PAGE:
Constructing Flat Roof For Residential Homes

Why Choose A GRP Flat Roof?

A GRP flat roof, or fiberglass roof as it’s also known, is one of the most popular flat roofing solutions in the UK. GRP stands for Glass Reinforced Polyester, a composite material formed by strengthening plastic with fine fibres made of glass.

This single ply laminate has been used as a reliable means of covering and waterproofing roofs for over 60 years, although it’s popularity has soared in recent years thanks to new systems such as Cromar PROGRP. As well as commercial and domestic buildings, GRP has been used on a wide array of other applications, from boats and lorries to water tanks and ponds.

The installation of a GRP roofing system is highly regarded for its simplicity and safety, while the finished product it produces is recognised as having a lifespan that easily betters that of a felt roof.

How Much Does a Fibreglass Roof Cost?

Needless to say, the overall cost of any GRP roofing system will depend on whether a new roof is being constructed or an existing roof is being repaired/altered. The latter will of course be vastly cheaper.

What About a Fibreglass Roof Repair?

Repairs are not something you’d associate with a GRP flat roof. As long as the original job was carried out correctly on suitable decking with properly installed trims and flashing, your GRP roofing system need little cause for concern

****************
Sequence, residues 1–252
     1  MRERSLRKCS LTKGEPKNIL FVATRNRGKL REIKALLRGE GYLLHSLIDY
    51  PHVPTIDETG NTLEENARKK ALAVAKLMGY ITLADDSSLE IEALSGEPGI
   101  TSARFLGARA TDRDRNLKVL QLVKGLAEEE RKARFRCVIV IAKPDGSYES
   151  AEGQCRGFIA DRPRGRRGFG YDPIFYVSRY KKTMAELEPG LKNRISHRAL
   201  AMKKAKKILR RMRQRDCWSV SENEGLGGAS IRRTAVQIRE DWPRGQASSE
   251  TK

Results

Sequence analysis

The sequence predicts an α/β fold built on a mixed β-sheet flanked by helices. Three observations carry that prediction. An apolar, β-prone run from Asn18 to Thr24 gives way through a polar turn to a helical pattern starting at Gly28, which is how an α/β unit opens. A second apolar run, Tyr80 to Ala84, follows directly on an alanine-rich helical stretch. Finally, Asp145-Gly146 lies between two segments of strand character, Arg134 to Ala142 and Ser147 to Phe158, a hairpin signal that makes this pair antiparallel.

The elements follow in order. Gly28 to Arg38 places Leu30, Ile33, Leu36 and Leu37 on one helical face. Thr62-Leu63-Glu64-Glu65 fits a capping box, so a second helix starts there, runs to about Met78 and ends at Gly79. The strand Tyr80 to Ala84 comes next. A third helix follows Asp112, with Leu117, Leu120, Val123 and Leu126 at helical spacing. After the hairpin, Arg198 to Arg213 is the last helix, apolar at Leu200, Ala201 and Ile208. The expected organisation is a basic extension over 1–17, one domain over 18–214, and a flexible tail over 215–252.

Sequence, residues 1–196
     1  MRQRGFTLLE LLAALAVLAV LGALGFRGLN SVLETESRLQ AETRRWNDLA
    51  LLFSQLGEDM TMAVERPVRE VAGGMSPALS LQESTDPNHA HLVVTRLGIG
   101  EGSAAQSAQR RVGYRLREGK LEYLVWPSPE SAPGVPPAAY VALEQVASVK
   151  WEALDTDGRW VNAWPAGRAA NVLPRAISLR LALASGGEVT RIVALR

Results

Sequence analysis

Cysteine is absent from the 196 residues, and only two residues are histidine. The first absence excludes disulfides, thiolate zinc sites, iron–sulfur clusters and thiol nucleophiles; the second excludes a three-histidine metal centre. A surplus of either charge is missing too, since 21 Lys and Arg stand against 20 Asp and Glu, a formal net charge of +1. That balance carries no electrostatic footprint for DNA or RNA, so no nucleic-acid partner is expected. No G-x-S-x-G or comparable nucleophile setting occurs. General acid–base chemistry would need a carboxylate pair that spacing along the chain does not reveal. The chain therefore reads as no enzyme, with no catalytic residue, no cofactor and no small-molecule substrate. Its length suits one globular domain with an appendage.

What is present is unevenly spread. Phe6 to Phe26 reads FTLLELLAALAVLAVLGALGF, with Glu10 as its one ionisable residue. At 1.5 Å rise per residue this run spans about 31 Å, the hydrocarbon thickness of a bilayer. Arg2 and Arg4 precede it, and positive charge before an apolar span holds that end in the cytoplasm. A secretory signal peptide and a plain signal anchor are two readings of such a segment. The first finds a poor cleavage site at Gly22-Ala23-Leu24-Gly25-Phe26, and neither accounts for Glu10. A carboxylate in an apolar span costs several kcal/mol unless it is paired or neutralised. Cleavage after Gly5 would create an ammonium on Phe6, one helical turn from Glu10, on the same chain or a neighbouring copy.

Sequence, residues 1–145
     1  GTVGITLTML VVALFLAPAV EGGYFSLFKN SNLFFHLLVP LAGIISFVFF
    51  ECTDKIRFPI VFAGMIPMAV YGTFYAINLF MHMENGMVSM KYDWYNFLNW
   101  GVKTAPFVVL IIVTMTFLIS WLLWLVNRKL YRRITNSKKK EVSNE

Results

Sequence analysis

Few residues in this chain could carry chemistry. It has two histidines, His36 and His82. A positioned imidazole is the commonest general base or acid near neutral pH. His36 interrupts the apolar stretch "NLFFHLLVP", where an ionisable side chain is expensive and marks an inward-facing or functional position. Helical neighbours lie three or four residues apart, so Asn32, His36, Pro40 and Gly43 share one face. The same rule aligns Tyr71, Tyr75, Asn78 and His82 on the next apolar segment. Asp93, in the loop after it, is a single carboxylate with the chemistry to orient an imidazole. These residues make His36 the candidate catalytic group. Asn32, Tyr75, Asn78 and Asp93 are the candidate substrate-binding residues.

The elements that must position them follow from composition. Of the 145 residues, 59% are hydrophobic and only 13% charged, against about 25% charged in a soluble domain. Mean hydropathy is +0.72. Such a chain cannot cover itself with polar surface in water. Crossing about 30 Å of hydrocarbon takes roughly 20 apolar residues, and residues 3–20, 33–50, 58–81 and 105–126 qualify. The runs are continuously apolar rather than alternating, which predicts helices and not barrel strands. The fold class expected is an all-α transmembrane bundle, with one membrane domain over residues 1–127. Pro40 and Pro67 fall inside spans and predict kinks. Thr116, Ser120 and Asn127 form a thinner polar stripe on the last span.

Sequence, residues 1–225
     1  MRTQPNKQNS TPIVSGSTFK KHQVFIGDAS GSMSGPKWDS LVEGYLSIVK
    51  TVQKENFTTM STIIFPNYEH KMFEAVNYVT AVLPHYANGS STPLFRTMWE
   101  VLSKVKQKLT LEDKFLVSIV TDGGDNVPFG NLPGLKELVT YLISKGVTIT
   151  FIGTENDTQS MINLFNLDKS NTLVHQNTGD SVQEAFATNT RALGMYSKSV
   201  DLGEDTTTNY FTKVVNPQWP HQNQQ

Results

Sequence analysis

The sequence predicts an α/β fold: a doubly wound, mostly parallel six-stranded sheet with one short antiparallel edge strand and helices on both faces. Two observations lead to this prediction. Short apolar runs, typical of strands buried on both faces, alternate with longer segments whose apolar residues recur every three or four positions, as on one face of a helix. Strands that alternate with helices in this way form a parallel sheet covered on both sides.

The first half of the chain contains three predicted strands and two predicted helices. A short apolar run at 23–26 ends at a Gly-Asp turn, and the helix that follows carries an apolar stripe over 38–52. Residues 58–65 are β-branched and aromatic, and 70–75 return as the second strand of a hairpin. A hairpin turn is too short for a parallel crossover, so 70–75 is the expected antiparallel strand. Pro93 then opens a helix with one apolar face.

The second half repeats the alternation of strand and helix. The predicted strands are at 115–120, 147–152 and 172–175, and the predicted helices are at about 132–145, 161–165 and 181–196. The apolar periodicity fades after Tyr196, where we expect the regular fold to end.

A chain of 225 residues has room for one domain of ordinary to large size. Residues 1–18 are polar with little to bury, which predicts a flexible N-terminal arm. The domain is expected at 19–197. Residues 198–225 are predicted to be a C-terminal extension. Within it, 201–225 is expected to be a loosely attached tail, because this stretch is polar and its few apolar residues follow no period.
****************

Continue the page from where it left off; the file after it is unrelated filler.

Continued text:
Choosing the best flat roof

If you’re planning a new extension, garden project or just looking to replace a tiring roof, then there’s a good possibility that you’ve got flat-roofing issues on your mind.

Chances are you’re also feeling a bit lost about where to start!

Where once upon a time the options for flat-roofing covering were quite limited, there now seems to be a multitude of options to choose from – and a range of accompanying price tags.

Performance – the main goal of a flat-roof is surely to create an impenetrable barrier to water so the number one thing to look out for has got to be how well the material performs in terms of leak-proofing.

Durability – once installed, your flat-roof has got to withstand the brunt of the British weather so the durability of material is an important factor.

Cost – we know that no-one really wants to spend a fortune on a roof but it’s wise to be realistic about your budget, get a few quotes from different roofing specialists and bear in mind the quality/ cost ratio when making a decision

Why a Flat Roof is Perfect for Commercial Buildings

Flat roofs are common on commercial buildings because they are less expensive to install, easy to maintain and they allow the more efficient use of space both inside and outside.

Maintenance costs less for flat roofs because they are easier to get to and walk around on than a pitched roof. That also makes it easier to spot leaks or other problems. When it’s time to repair or replace a flat roof, the project often can be completed in a day, depending, of course, on the size.

Strategic business owners who choose a roof with a flat design have opportunities to lower operating costs in multiple ways. For example, since this roof’s foundation isn’t sloped, air conditioning units can be placed above a property instead of on the ground. This installation strategy for AC units can prevent vandalism and accidents in risky neighborhoods and communities. If a commercial roof is large enough,

To appreciate all the maintenance and functional benefits that a flat roof offers, you must select a proper roofing solution that suits your needs and situation. Flat roofs made with traditional materials last anywhere from 10 to 20 years. Roofs made with newer – although more expensive materials – can last up to 25 years